What did Jesus see?

I’m posting the first chapter of my book THE MYSTERY OF FAITH, because, yes, I would like you to read the whole book and  accept the challenge to solve the mystery yourself! In this excerpt, you can at least see what had me intrigued with the question.

* * * * * * * * * *


The idea of “faith” has been a mystery to me. So I decided to tackle the subject like a detective story. I am pulling out my magnifying glass and opening the case files!

The main puzzle for me is all those times in the Bible where Jesus would exclaim, “You have great faith!” Other times he said things like, “Your faith has made you well,” or “Your faith has saved you.” What did he see?

I felt like Dr. Watson, the friend of Sherlock Holmes. Watson would go on cases with Sherlock and remain befuddled while the great detective would take one look and know exactly what was going on. Sherlock would rebuke his friend, saying, “You see but you do not observe.”

But our situation is even more complicated than that.

I love mystery stories where the detective never even visits the scene of the crime. He depends soleIy on the descriptions provided by other witnesses. Then he interprets the facts, connects the dots, and solves the case. Nero Wolfe was famous for staying at home with his orchids while his assistant, Archie Goodwin, did all the leg work and reported back to him. In the 21st century, all of us are in Nero Wolfe’s position. All we have are the eyewitness reports of the disciples and Scripture. Could I solve this mystery of faith at second-hand, with only such case files?

Let’s say that the disciples of Jesus were a bunch of “Archies” or “Dr. Watsons.” I believe they were giving us accurate descriptions of the ministry of Jesus but they did not completely understand all that they saw. I read their stories and ask myself, “Is there enough here to understand what Jesus could see when he talked about someone having ‘faith’?”

Jesus clearly expected that these witnesses would share their stories accurately and clearly enough that we could rely on them.

So I will.

I have concluded that Paul provides some significant help for any detective taking up this case. He was not present to hear Jesus making those statements about faith. But the brilliant rabbi was able to understand the things that eluded the fishermen disciples who were the actual eyewitnesses. His insights provided a key I was able to use to begin to unlock this mystery.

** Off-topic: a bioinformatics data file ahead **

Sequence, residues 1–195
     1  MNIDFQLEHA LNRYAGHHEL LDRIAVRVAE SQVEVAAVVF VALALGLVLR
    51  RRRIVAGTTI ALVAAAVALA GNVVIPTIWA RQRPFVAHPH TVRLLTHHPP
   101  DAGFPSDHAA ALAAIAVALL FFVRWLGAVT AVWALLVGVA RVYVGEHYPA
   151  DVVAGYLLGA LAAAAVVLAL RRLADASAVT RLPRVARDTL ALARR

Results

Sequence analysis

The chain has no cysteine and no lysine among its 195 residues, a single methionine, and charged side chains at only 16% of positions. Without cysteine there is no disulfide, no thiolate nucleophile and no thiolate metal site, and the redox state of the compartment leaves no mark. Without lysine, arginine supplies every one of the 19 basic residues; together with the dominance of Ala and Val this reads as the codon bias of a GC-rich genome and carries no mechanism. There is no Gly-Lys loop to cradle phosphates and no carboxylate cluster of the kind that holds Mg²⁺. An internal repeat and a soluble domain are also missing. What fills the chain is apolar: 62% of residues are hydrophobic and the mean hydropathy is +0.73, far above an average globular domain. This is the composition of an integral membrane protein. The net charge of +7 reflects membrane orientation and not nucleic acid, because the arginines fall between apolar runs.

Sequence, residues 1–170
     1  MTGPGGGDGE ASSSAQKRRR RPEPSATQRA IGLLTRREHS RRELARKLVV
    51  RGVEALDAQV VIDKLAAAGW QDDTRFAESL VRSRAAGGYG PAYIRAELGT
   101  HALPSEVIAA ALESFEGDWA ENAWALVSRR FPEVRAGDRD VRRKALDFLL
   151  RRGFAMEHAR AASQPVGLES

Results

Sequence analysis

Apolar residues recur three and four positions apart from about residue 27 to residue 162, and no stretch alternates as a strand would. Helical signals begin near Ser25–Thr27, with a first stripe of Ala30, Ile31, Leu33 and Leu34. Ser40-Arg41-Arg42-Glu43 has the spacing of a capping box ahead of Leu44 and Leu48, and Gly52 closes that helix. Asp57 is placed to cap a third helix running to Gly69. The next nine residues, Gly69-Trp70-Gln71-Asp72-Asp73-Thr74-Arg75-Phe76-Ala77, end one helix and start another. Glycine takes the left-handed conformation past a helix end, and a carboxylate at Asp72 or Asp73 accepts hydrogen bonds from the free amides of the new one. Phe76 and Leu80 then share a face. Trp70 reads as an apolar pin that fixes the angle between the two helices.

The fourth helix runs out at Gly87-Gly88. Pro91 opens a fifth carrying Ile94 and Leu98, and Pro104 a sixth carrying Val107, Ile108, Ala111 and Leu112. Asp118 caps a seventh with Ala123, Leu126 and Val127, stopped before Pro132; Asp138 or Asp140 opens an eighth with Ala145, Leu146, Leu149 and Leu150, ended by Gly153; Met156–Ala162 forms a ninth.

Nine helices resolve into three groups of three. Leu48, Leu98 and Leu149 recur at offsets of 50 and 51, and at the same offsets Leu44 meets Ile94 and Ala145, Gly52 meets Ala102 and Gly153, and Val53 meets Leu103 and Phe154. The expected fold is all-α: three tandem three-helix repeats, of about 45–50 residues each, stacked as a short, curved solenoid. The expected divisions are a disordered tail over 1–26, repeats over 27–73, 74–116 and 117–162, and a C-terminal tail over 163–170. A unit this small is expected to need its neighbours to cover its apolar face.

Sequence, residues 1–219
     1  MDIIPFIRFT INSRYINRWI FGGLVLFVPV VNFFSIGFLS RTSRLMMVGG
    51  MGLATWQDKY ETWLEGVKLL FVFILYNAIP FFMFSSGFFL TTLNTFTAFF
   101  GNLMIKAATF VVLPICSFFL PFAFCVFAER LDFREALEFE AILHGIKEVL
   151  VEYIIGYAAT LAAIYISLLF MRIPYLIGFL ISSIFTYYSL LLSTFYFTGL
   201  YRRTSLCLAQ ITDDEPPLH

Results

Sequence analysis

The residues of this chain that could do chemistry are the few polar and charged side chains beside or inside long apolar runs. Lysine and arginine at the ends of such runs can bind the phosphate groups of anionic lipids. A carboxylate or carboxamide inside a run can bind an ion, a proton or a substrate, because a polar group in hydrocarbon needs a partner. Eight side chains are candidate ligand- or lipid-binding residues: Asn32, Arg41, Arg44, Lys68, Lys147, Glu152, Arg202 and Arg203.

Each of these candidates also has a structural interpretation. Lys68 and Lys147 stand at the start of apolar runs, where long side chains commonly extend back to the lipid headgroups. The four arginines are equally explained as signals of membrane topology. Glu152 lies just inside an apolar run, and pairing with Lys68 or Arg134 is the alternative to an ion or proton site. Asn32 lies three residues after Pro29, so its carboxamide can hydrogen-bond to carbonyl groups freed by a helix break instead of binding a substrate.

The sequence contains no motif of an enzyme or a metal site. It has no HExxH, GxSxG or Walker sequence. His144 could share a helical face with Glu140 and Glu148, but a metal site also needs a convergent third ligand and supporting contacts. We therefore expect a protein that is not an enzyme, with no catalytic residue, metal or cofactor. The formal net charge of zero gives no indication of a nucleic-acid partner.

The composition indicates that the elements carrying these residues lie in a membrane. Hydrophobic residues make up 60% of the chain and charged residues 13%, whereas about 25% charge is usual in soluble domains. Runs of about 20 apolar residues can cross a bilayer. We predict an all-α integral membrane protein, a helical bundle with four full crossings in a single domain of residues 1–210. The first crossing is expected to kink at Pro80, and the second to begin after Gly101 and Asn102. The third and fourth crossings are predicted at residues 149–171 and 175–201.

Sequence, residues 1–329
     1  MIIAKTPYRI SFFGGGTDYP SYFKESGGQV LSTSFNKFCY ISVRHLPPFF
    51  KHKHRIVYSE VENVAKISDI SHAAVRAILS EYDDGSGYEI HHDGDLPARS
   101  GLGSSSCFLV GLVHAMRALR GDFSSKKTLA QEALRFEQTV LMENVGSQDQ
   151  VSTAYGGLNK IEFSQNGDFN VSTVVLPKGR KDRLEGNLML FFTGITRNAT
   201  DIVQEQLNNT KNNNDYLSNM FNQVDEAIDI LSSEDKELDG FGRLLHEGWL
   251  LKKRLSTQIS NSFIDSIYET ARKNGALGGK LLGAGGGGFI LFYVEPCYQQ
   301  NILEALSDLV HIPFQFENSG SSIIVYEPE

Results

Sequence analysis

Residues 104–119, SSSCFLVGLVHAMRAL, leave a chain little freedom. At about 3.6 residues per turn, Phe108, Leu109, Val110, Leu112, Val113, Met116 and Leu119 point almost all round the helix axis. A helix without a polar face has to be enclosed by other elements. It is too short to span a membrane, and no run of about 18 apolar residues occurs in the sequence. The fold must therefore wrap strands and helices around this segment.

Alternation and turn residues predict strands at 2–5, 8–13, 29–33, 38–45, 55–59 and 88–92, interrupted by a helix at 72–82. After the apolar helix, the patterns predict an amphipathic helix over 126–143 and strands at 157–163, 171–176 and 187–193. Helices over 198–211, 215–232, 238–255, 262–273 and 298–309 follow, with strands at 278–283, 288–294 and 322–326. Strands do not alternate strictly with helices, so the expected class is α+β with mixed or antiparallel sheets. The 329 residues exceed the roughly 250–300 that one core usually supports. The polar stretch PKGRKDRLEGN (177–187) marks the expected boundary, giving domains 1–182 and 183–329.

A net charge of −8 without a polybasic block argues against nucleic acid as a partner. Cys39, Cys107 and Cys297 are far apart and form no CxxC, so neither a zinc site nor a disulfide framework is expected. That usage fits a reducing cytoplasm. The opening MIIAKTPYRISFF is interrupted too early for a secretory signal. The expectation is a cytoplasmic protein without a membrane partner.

It seems strange that we could see something and still not understand what we are seeing. But I have enjoyed many jokes that are based on this fact. One is about two musicians walking down the street and passing a big church. As they go by, way up at the top of the church steeple the old church bell breaks loose and crashes to the ground behind them with a clang.

“What was that!?” one musician shouts, badly startled.

His friend replies, “F-sharp.”

Maybe I need to explain that joke? But let me tell another one first. This was actually a cartoon showing a couple sitting in church singing from the hymnal. They’re also whispering to each other. “What’s with this place? They only sing two songs! Joy to the World and Jesus Christ is Risen Today.” The friend replies, “Maybe I would show up more than twice a year if there was more variety….”

I love jokes like these where the gag is about missing the point. I get to feel smart if I get the joke without an explanation. It is so easy for us to be distracted or too narrowly focused in our situation. When a bell hits the ground would your first question be about what the musical note is? Would you assume you knew all about a church if you only showed up at Christmas and Easter? Is it really possible that we can miss the point so easily? (I’ll raise my hand here. Just call me Dr. Watson.)

There is one further consideration that is also well-illustrated in a joke.

Two snowmen are standing in a raging blizzard leaving them with zero visibility. One snowman suddenly becomes alert. “There’s something out there!” he cries.

His companion asks, “What is it?”

The first snowman replies, “I don’t know. But it smells like carrots!”